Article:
Cologne shopping street ranked Germany’s most popular

Cologne’s Schildergasse is the most popular shopping street in the country, according to a survey released on Wednesday.

Cologne shopping street ranked Germany's most popular
Photo: DPA

The street, which boasts both spacious department stores and quirky boutiques, beat out 170 of the country’s most heavily trafficked retail shopping areas in the annual survey conducted by Düsseldorf-based consulting agency Jones Lang LaSalle.

Ratings were based on the number of pedestrians who passed by in an hour, and with an average of 13,280, the landmark street that dates back to Roman times beat out last year’s winner, Munich’s Kaufingerstaße.

The yearly total of some 720,000 people on the street rivals even Berlin’s famous “fan mile,” first set up in the city for the 2006 World Cup to accommodate 900,000 sports fans, the company said.

“The pedestrian frequency test is a snapshot with high informational value for the location’s quality,” said Jones Lang LeSalle retail expert Rüdiger Thräne. “It’s an indication for profit chances and expansion plans by retailers.”

Second place went to Hamburg’s Mönckebergstraße, which saw an average of 12,120 pedestrians per hour, and third place went to last year’s winner, the Kaufingerstaße in Munich with 11,905.

But being the best comes at a price, Thräne said.

“It’s not a coincidence that the most-frequented A1 locations have the highest rents,” he said.

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Ancient Jewish settlement to be brought back to life in Cologne

No city north of the Alps has been home to Jews for as long as the Roman settlement of Cologne. A recently discovered Jewish quarter is now being brought back to life.

Ancient Jewish settlement to be brought back to life in Cologne
The site of the construction in Cologne. Photo: DPA

If you are a tourist walking through the centre of Cologne, sooner rather than later, you'll come across a construction site located in the very best position, in the middle of the town hall square.

At the beginning of this millennium, the people of Cologne dug into the earth directly in front of their historic city hall and found a treasure from another millennium: the Jewish quarter.

Complete with a dance hall, a hospital, a bakery and a synagogue, the quarter contains the ruins of a settlement from the Middle Ages. It is a city within a city, a miniature world of houses huddled together. 

Of course, all that is left is ruins – one needs a bit of imagination to picture how the whole thing once looked. But experts from Germany and abroad agree: there's nothing like it anywhere else in the world.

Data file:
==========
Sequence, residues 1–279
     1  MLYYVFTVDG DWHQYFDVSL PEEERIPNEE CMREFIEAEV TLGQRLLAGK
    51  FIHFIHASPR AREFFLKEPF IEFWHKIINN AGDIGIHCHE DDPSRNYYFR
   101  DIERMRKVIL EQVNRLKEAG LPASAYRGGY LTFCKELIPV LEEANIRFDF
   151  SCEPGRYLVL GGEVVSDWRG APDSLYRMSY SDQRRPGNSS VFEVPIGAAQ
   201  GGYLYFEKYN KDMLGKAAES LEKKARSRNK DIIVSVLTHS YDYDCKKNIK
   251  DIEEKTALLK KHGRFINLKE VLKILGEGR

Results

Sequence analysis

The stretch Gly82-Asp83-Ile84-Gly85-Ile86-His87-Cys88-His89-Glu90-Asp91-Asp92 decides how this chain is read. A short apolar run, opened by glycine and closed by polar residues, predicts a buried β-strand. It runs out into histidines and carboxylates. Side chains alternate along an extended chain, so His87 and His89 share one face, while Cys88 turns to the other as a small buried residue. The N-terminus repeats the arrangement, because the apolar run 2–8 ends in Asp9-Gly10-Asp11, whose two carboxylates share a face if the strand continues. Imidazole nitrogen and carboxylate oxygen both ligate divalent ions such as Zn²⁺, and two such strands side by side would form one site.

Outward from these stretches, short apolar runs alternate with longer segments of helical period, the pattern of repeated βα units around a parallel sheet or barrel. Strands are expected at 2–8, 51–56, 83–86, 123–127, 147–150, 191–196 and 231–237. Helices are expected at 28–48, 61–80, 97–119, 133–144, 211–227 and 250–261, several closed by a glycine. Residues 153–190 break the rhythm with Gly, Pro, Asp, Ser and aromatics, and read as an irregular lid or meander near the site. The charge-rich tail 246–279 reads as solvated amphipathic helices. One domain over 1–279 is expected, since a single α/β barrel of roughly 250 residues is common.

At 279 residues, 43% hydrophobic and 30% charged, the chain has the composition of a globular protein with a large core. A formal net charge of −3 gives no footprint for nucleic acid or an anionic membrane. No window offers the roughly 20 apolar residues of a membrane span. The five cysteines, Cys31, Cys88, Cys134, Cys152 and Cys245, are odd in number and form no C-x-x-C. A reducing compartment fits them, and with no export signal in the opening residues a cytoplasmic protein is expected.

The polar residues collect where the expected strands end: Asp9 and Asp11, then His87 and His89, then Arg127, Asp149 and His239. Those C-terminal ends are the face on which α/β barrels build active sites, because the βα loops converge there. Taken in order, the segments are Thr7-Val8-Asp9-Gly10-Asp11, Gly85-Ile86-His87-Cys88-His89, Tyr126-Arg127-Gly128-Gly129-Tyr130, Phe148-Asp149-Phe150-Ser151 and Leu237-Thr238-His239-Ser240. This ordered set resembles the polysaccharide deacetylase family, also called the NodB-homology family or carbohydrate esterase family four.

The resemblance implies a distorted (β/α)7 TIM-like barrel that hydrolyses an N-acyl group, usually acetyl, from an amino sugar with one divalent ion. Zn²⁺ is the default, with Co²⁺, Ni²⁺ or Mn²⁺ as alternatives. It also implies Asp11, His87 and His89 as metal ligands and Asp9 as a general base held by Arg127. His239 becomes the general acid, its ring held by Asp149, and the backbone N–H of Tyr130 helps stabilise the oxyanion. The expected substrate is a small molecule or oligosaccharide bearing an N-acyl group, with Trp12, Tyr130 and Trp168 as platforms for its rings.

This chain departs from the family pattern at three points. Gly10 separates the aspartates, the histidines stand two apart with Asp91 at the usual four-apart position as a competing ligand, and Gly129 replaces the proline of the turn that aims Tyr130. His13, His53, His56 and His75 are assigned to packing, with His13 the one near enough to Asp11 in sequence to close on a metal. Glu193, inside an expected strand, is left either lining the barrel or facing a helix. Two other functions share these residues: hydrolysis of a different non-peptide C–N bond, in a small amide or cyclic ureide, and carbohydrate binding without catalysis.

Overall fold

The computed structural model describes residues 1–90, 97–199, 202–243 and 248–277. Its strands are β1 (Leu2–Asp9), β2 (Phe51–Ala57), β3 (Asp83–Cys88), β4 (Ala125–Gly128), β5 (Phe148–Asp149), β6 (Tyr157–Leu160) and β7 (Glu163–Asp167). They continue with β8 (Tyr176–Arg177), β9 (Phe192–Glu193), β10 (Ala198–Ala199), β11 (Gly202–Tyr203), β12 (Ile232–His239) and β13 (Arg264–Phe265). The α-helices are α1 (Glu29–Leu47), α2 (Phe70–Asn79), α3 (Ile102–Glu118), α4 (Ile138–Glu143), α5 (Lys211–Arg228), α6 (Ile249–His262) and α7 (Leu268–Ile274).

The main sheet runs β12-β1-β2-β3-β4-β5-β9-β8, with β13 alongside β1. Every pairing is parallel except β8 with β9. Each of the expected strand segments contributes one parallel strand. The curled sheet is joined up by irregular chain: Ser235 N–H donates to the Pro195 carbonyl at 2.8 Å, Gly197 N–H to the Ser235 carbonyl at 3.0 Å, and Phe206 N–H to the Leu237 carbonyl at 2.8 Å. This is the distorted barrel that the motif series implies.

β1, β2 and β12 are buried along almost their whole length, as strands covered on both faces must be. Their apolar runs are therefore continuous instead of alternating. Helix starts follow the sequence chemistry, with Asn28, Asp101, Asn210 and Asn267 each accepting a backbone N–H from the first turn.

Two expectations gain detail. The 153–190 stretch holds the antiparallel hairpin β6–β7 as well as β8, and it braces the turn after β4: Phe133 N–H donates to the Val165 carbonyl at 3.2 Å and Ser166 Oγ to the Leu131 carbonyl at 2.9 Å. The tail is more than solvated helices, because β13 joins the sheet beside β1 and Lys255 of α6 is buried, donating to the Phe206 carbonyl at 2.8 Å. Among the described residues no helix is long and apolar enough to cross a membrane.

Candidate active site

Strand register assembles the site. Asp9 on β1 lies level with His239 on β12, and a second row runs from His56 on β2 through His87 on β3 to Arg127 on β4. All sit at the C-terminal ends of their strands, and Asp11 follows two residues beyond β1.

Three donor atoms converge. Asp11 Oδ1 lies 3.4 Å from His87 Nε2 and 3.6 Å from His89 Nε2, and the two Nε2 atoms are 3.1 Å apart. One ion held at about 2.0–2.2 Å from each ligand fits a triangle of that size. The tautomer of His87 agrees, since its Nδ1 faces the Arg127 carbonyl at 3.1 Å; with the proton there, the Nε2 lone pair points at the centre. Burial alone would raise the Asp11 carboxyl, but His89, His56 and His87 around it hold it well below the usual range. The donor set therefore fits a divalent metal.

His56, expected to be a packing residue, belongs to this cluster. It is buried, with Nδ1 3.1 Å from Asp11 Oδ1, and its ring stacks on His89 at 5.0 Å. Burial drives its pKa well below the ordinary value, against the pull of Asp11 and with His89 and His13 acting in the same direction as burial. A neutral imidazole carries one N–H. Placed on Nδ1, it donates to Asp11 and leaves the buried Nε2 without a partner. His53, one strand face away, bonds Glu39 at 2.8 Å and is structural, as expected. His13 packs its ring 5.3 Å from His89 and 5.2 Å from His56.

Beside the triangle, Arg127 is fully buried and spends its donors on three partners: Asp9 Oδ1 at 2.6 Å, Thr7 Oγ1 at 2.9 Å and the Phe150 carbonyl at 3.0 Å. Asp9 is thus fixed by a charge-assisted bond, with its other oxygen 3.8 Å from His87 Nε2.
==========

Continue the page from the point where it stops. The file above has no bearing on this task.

Ancient tradition

No other German city has been associated with Jewish history for so long as Cologne. 

The first documented Jewish community dates back to the year 321, making it the oldest north of the Alps. 

But in 1349, the neighbourhood was destroyed and its inhabitants were murdered or expelled. Local Christians blamed Jews for the outbreak of the plague.

Currently, a museum is being built over the site on the town hall square. It will be a parallel world underground: visitors will be able to relive life in the Jewish quarter in the era of knights and minstrels on a 600-meter-long trail. The trail also visits the governor's palace from Roman times, which was rediscovered in the 1950s. 

The museum is called MiQua after the name for the Jewish ritual bath, Mikveh.

Exhibits will include artifacts found during the excavations; among them is a crescent-shaped, gem-set gold earring from the 11th century. 

The researchers also discovered a tablet dating back to the Middle Ages with the inscription “yt in ys neyt anders.” This could be translated as “Et is wie et is” (It is as it is) – a classic Cologne saying. 

The museum is scheduled to open in 2024, but through the panorama windows on the third floor of the Wallraf-Richartz-Museum, also located on Rathausplatz, one can already follow the progress of construction work.

This year Jewish life will be celebrated across the country – the anniversary year '1,700 years of Jewish life in Germany' will be celebrated nationwide. 

Hamburg is organising a themed week entitled 'More than Little Jerusalem'; in Nuremberg the photo exhibition 'Germany's Emigrants' will be opened; and in Herxheim in Rhineland-Palatinate the play Judas by Lot Vekemans will be staged.

READ MORE: 9 hilarious gifts Judaism gave the German language